Flowers, birds, foliage and colors dance on Vanessa Hahusseau’s elegant papers. Italian and Japanese landscapes, scenes of Inca or ancient civilizations, forests of jasmine or Eden, flowerbeds of hollyhocks, gardens of the Far East or daydreams of Pondicherry… These universes are hers but, she specifies it from the outset, she is not the creator. Vanessa Hahusseau is a historical wallpaper restorer. “I always start from old models of French wallpaper, I stay on this thread of reissue”, explains this woman well in her time, as an artisan of the rebirth of an unknown and almost forgotten heritage. His vocation was revealed after studying political science and a first professional life in communication in Paris, then in Bordeaux.
A pronounced taste for decoration led her to train in graphic design and to create, in 2012, her first company, Le Grand Cirque, for which she designs practical wall coverings for current interiors (splashbacks, papers, etc.). An inclination for literature – with a mother who was a literature teacher who regularly changed the wallpaper at home – and an interest in art and decoration worked underground until these beginnings.
But the real shift comes a little later: one day in 2016, while visiting the “Spectacular Second Empire” exhibition at the Musée d’Orsay in Paris, Vanessa falls in awe before The Garden of Armidean 1854 panorama overflowing with lush vegetation and floral hangings. « You could believe it was a painting. This made me curious about what else France had done in this area. » She then discovered the reserves of the Museum of Decorative Arts, and decided “to show the general public all these marvels”. The Le Grand Siècle (1) brand was born two years later, after research and creation to put together its first catalog, rich in collaborations with museums and institutions such as the BnF.
In fashion, wallpaper? After the strong popular enthusiasm of the 1960s and 1970s, the French rejected it, preferring painting. They have been coming back to him for a few years now, with the notable progress of non-woven (2), which has discarded wallpapering tables and tedious length sizing sessions. Today, Vanessa’s clientele is made up of 70% architects and decorators and one-third private individuals. From the latter also sometimes come requests for the restoration of papers discovered in family homes.
Vanessa Hahusseau, who also travels to the United States to make her brand known there and to respond to the important requests of American audiences for French panoramics, is today restoring a very delicate old wallpaper from the Hôtel de la marine showing sparrows flowers on bouquets of purple flowers. His attention is primarily focused on colors. “It’s what gives modernity, what the eye retains best, almost more than the drawings. »
After a complete digitization of the original drawings, she enhances the colors, cleans the backgrounds, reconstructs the damaged patterns. Each restoration can require several hundred hours of work. “I don’t invent anything, I highlight and make thepaper compatible with today’s interior, with great respect for the original pattern. » For example, she refreshed and declined in several shades the medallions of George Sand’s “blue room” in Nohant. The writer extolled its soothing virtues in her notebooks: “I’m upholstered in soft blue dotted with white medallions where little mythological characters dance (…) I will only have sweet and stupid ideas there. »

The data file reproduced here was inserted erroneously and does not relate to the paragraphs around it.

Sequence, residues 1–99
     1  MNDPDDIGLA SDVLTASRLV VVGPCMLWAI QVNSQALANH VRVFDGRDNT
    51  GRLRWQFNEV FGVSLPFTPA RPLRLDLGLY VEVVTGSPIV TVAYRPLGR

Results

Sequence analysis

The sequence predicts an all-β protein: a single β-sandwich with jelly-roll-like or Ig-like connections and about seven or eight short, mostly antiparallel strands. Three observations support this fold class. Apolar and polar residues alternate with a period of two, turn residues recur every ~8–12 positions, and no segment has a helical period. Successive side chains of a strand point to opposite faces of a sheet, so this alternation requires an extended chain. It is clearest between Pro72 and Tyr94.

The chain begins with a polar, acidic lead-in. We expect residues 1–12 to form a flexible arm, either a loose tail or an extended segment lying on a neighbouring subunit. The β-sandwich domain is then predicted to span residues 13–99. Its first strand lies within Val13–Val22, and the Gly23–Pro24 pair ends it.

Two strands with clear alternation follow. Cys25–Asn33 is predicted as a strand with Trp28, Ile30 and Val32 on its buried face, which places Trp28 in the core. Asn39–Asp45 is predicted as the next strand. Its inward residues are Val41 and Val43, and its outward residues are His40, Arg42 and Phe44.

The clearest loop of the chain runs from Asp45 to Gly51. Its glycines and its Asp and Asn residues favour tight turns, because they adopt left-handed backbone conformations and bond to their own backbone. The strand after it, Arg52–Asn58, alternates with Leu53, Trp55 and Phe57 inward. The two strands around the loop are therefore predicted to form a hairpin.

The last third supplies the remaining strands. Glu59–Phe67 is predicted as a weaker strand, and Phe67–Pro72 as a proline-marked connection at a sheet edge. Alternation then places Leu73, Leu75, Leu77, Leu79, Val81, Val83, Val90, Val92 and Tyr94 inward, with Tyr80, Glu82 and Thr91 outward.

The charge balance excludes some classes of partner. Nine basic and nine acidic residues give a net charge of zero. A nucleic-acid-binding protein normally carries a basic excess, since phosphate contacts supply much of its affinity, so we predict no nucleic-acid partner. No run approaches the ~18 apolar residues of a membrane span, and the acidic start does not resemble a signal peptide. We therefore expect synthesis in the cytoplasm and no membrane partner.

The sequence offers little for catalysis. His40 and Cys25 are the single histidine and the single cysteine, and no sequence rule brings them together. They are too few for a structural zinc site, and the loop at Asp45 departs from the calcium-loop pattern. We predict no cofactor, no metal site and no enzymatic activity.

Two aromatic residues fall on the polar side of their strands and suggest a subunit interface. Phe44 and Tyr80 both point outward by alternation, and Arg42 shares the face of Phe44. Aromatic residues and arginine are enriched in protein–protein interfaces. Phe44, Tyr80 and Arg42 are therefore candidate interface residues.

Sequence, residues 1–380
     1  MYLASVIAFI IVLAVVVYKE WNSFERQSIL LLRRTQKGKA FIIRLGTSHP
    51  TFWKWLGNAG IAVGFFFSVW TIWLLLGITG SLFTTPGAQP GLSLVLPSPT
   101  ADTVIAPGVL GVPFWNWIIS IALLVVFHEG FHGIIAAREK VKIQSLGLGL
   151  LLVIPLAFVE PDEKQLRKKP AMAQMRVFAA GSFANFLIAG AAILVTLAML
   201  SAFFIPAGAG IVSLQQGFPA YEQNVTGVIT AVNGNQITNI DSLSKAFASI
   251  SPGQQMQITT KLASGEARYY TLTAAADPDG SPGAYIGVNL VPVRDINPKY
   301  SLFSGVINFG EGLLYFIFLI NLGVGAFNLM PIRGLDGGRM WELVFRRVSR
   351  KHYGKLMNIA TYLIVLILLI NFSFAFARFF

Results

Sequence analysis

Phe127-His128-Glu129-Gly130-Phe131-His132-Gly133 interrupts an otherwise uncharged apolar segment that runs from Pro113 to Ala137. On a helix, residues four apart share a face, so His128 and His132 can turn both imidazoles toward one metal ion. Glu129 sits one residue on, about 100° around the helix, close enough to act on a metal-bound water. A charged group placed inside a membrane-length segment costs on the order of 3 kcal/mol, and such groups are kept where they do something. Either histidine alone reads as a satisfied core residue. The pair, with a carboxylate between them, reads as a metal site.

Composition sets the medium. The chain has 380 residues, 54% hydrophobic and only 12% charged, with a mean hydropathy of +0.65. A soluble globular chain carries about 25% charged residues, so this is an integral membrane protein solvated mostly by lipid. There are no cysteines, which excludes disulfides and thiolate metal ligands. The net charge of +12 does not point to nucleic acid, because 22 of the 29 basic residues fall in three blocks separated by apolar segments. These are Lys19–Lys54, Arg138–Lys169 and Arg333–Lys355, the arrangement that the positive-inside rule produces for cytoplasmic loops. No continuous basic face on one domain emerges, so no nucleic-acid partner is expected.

It was reading a book by historian Michelle Perrot on Nohant, received as a gift from a friend, that triggered Vanessa Hahusseau’s recent project for a collection of wallpapers from writers’ houses, in which are those of the house of George Sand. “This book made me want to go on vacation in Berry with my sister to discover Nohant, she says. And reading Michelle Perrot gave real depth to the project. George Sand loved his wallpapers and talked about them with passion! »
A taste for history is behind each creation of the Grand Siècle (which, despite its name, currently only offers papers from the 18e and XIXe centuries). Evidenced by the many anecdotes unearthed by the restorer, who bring to life together the inhabitants of the houses and the papers that have seen them evolve. “I like the historical and personal universe that opens up as soon as one is interested in a wallpaper, the authenticity that emerges from these experiences. »
This is how Vanessa Hahusseau justifies her choice to re-edit the panorama of the Japanese cranes and that of the plum blossoms from George Sand’s house: “After the writer’s death, her room became that of her granddaughter Gabrielle, an admirer of the Orient influenced by Japanese fashion, who decided to decorate it with this paper around 1893.” It was covered eight times afterwards, before the Center des Monuments Nationaux found the pastel softness of the original fresco.
“I like the theatrical dimension of the wallpaper, the “wow” effect you can feel when looking at it, says Vanessa Hahusseau. I also want to make smart proposals, so that the client doesn’t just buy a piece of paper, but also the depth of a story. When looking to decorate your home, the priority is that it is beautiful, of course, and there are magnificent wall coverings in all brands. But I like that beyond the aesthetics, the public can be seduced by the fact that such a panoramic dates from 1823 and was created in such a factory, whether it accompanied Empress Eugénie or Marie-Antoinette, that it was described by Balzac… That there is a richness beyond the product. In this, the George Sand collection is emblematic because it comes from real life. »